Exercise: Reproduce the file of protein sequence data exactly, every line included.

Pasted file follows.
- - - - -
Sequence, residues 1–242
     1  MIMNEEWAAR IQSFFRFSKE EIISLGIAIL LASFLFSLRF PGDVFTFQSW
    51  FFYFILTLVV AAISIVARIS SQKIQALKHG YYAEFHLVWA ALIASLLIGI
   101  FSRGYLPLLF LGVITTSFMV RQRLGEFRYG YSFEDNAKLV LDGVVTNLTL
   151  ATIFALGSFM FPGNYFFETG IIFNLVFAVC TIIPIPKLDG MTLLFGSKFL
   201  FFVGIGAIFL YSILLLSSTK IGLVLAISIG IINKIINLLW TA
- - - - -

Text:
Sequence, residues 1–242
     1  MIMNEEWAAR IQSFFRFSKE EIISLGIAIL LASFLFSLRF PGDVFTFQSW
    51  FFYFILTLVV AAISIVARIS SQKIQALKHG YYAEFHLVWA ALIASLLIGI
   101  FSRGYLPLLF LGVITTSFMV RQRLGEFRYG YSFEDNAKLV LDGVVTNLTL
   151  ATIFALGSFM FPGNYFFETG IIFNLVFAVC TIIPIPKLDG MTLLFGSKFL
   201  FFVGIGAIFL YSILLLSSTK IGLVLAISIG IINKIINLLW TA